Not Just Federer - First Move Chess -First Move Chess


After sensationally crashing out in the second round of the FIDE World Cup in Tbilisi last summer, yet again there was the inevitable mounting speculation in the Indian media that Viswanathan Anand would soon be calling time on his long and glorious career. But the 48-year-old took inspiration from a resurgent Roger Federer winning Wimbledon – and just like the timeless new tennis world No.1, Anand also staged his own stunning comeback.

He tied for second place in the Sinquefield Cup in St. Louis and then third place at the London Chess Classic. And not content with those two excellent performances, Anand continued to defy his critics and his much younger rivals by ending the year on a high by clinching the World Rapid Chess crown in Riyadh.

And not content with another world title late in life, the chess world’s answer to Roger Federer still continues to impress. On Sunday, Anand added yet another title to his huge haul of tournament victories, this time by winning the 11th Tal Memorial Rapid held in the Museum of Russian Impressionism in Moscow.

Anand rolled back the years by first catching up with and then overtaking front-runner Shakhriyar Mamedyarov. And going on to score 6/9 ( his only loss being to Mamedyarov), the five-time former world champion finished in clear first place, a full point ahead of the field – and in the process, he did so by taking the title ahead of four players (Messers Mamedyarov, Kramnik, Grischuk & Karjakin) who will soon be vying to become Magnus Carlsen’s next official title challenger, ahead of the upcoming Berlin Candidates tournament.

And in many respects, it was fitting for Anand to have won the Tal Memorial, as he’s the only active player now left on the elite circuit to have played against the great Mikhail Tal, who died in June 1992. A key game en route to victory was a somewhat fortuitous win over Muscovite Alexander Grischuk, who carelessly overlooked a mating attack.

Final Rapid standings:
1. V. Anand (India) 6/9; 2-4. S. Mamedyarov (Azerbaijan), S. Karjakin (Russia), H. Nakamura (USA) 5; 5-6. B. Gelfand (Israel), A. Grischuk (Russia) 4.5; 7-8. D. Dubov (Russia), V. Kramnik (Russia) 4; 9-10. P. Svidler (Russia), I. Nepomniachtchi (Russia) 3.5.

Photo: © Eteri Kublashvili (RCF)

GM Viswanathan Anand – GM Alexander Grischuk
11th Tal Memorial Rapid, (8)
Sicilian Defence, Rossolimo Variation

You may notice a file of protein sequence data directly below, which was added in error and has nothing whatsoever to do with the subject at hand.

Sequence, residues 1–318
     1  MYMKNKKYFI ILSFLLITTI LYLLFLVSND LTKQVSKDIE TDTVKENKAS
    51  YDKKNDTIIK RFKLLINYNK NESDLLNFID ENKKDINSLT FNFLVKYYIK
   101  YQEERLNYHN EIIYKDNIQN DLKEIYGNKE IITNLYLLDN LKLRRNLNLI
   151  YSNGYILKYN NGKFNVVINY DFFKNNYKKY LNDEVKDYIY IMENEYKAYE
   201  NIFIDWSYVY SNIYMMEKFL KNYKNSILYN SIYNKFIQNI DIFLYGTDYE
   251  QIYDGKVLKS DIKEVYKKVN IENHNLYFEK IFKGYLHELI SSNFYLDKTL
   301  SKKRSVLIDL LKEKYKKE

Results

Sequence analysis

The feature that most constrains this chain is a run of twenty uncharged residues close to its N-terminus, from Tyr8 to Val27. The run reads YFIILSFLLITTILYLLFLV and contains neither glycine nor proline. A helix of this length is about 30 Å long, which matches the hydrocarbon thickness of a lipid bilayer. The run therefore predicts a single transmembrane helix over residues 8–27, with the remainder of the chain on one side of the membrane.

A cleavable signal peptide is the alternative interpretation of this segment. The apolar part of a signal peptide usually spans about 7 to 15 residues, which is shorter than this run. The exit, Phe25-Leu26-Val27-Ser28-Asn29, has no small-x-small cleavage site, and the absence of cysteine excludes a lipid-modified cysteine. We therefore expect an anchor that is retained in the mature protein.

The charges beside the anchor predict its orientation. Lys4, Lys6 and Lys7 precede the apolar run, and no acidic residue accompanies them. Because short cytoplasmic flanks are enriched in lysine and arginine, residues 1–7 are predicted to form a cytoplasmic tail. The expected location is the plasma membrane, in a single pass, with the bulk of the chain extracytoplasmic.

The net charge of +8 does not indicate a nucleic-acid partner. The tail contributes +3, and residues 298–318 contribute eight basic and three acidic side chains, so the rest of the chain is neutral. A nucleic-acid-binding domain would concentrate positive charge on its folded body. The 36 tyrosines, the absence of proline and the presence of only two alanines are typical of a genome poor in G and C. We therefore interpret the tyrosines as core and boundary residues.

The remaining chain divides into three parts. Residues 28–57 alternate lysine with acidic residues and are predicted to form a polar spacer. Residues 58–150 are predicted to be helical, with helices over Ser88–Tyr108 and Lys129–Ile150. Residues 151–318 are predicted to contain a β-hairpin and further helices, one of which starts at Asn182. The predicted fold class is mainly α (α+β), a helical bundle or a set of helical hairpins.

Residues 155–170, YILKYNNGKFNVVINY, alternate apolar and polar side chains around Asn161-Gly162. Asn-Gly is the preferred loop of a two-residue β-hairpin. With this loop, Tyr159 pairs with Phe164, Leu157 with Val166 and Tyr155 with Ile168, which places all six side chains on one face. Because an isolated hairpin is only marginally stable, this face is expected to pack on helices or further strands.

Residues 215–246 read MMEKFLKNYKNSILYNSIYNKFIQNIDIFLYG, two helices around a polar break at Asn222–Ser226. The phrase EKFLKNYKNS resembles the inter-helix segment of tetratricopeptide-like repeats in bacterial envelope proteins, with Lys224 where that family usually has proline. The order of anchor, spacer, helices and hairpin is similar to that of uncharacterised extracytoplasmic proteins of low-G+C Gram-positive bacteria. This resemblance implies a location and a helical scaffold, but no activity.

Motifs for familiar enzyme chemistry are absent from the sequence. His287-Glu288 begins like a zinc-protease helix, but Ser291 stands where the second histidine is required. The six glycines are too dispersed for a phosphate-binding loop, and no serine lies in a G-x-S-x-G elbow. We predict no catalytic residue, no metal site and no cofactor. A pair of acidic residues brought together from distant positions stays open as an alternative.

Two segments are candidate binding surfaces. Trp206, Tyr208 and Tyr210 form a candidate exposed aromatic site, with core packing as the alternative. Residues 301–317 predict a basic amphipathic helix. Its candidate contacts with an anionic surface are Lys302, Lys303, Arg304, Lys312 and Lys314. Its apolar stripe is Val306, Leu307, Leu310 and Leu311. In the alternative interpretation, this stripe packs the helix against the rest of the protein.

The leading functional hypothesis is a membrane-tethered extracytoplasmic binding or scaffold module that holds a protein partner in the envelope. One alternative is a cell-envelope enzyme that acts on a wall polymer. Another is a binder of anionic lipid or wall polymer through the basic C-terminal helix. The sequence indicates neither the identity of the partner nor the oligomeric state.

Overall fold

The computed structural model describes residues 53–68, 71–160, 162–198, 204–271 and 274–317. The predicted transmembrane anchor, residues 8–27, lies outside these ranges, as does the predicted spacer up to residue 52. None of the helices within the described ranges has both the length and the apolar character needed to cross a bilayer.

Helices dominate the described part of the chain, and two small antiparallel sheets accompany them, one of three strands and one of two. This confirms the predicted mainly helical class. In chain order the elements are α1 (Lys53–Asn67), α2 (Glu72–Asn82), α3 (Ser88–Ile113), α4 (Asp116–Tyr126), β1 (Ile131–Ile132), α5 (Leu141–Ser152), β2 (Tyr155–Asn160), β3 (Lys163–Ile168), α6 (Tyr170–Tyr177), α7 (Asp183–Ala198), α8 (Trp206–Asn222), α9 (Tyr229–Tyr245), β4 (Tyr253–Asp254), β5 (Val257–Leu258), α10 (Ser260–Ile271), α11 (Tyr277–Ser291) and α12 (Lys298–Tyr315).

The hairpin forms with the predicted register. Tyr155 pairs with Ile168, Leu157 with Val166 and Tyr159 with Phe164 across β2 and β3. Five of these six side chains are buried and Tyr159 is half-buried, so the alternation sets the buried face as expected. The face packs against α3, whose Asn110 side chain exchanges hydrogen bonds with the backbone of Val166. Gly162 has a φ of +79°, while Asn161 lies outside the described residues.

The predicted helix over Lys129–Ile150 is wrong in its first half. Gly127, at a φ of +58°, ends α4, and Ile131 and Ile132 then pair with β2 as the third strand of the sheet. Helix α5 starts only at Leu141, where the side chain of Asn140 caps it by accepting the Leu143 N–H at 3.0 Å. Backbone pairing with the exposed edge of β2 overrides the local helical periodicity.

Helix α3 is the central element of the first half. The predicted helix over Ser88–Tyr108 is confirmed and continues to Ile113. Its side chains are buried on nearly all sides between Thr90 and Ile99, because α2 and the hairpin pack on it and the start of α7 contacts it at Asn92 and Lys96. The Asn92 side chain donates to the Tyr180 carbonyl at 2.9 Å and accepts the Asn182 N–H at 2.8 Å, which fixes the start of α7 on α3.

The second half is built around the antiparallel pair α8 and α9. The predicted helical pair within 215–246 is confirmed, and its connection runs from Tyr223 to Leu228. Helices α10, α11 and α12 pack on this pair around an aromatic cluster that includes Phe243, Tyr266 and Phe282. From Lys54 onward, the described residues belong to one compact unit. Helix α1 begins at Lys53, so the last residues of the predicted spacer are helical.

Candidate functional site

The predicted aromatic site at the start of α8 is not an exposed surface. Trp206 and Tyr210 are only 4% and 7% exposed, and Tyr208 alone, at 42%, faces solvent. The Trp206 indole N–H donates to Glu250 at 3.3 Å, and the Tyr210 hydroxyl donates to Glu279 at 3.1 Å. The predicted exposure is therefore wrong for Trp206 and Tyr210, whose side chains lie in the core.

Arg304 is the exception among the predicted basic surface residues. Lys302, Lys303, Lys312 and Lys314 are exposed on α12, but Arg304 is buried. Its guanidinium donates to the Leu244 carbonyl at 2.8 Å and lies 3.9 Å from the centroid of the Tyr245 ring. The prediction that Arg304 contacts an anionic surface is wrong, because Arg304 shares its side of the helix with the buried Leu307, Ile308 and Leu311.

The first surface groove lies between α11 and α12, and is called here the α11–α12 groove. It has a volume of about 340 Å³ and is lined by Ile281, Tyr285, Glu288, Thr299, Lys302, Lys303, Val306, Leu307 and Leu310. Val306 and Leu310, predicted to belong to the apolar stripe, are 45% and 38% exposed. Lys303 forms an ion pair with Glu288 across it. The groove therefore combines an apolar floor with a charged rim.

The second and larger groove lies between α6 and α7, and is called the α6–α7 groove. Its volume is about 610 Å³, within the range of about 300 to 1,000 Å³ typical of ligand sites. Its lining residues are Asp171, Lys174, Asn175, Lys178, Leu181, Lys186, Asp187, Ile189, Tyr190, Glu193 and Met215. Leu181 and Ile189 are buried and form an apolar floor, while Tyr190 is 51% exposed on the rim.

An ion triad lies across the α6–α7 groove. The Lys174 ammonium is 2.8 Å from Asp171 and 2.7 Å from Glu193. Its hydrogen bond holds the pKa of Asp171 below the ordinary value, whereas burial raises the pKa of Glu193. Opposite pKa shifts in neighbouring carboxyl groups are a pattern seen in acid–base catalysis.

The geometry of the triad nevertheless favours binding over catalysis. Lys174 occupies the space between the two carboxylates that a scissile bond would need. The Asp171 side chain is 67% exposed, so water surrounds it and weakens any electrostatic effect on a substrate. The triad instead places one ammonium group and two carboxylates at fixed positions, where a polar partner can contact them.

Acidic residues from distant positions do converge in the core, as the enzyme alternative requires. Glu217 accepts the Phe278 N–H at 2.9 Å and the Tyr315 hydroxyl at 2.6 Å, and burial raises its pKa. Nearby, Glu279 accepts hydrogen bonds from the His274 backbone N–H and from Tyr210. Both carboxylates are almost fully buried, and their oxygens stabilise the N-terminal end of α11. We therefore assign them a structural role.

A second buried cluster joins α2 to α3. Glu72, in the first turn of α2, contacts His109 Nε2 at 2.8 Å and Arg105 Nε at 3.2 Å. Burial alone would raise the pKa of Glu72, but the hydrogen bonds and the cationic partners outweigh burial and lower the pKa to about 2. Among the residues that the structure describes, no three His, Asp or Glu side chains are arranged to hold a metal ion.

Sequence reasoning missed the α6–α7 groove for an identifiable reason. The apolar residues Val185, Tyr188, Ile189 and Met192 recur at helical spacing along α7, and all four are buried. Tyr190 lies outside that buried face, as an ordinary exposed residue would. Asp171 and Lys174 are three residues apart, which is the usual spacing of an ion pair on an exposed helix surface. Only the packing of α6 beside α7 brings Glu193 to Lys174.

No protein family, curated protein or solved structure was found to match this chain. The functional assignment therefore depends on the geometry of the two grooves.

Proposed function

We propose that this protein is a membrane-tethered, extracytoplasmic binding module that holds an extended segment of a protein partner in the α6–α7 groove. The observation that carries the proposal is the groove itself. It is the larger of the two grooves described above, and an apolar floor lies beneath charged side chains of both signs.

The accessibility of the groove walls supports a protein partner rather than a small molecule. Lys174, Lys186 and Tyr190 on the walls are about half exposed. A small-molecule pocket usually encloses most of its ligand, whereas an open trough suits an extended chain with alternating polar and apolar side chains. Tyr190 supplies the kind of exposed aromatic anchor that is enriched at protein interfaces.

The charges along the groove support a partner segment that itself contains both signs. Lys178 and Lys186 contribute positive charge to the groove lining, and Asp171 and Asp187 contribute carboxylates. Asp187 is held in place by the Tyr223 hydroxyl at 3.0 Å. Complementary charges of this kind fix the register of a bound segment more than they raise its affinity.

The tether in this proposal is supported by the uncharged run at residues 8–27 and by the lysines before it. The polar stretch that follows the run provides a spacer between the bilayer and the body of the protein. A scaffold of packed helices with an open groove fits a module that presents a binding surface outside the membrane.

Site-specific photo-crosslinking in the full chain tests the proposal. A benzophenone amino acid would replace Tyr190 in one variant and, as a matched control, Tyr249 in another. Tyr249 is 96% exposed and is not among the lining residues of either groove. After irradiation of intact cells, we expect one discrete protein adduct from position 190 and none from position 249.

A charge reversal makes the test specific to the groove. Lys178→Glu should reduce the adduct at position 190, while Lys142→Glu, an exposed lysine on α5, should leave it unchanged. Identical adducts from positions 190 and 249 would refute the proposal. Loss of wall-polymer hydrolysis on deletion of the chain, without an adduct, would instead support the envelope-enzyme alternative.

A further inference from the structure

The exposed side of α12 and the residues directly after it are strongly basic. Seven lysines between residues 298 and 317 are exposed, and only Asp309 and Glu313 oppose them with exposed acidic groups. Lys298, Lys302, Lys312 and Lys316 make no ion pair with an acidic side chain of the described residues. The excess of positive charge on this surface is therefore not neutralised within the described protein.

1.e4 c5 2.Nf3 Nc6 3.Bb5 Popularised by Aaron Nimzowitsch, the Rossolimo Variation took off by being almost the exclusive weapon of the one-man Olympiad, GM Nicolas Rossolimo, the US-French-Greek-Russian, who started his Olympiad career playing for France in 1950, then played for the US until 1966, before reverting again to the French tricolour for his final Olympiad in 1972. 3…g6 4.Bxc6 dxc6 5.d3 Bg7 6.h3 Nf6 Although Black has the bishop-pair, it is not so easy to open the game up to maximise their potential. White’s strategy is to keep the game closed to restrict the scope of the bishop-pair, and try to take advantage of Black’s doubled pawns in the ending. 7.Nc3 0-0 8.Be3 b6 9.Qd2 e5 10.Bh6 Anand has a simple plan, and he sticks to it, leaving Grischuk with the task of finding a strategy for the best deployment of his pieces. 10…Qd6 11.0-0-0 a5 12.g4 Anand’s plan is simply to move all of his pieces over to the kingside to launch an attack on Grischuk’s king. 12…a4 13.Kb1 Be6 14.Ne2 b5 15.Ng3 Rfd8 Grischuk would like to play …Ne8, and then, if White plays Bxg7, he’d answer with …Nxg7 and then play …f6, offering a better defensive structure – but he would rather play …Ne8 after he’s brought his kingside rook into the game. 16.Bxg7 Anand chops off the bishop now, avoiding …Ne8 and …Nxg7. 16…Kxg7 17.Qg5! The threat is Nf5+ winning the knight on f6. 17…Nd7 18.Nf5+ Bxf5 19.gxf5 a3 Grischuk has to create his own threats to Anand’s king – and here, forcing the concession of b3 offers hopes of counterplay with threats to Anand’s king, whether that be a …Qb2 mate to be constantly on the guard of, or – more likely – a back-rank mating threat. 20.b3 h6 21.Qg3 Kh7 22.Rhg1 Qf6 Grischuk is defending very accurately, but Anand hoodwinks him into believing his attack is more serious than it really is. 23.h4 gxf5 24.Qh3 f4 25.Rg5 Anand’s attack looks more dangerous than it really is – but kudos to him for not showing any hesitation in holding back here, that puts Grischuk on the spot. But that said, White perhaps should have opted instead for 25.Ng5+!? Kh8 26.Rg2 and a complex struggle ahead for both players. 25…Qe6 26.Rf5 Rg8?? With the White pieces beginning to look the more menacing, Grischuk falls hook, line and sinker into Anand’s trap. But after the simple solution of 26…f6!, doubly locking down on the crucial g5 square, its hard to see how White continues the attack, as 27.Nh2 now 27…Rg8! is good, as after 28.Ng4 Rg6 Black has everything defended – and indeed, with the constant problem of the back-rank mating threats, he looks now to have the better long-term prospects. 27.Ng5+! hxg5 28.Rxf7+! [see diagram] Grischuk clearly had overlooked this possibility – but nevertheless, despite the shocking setback, the Muscovite graciously allows Anand the crowd-pleasing mate at the board. 28…Qxf7 29.hxg5+ Kg7 30.Qh6# 1-0


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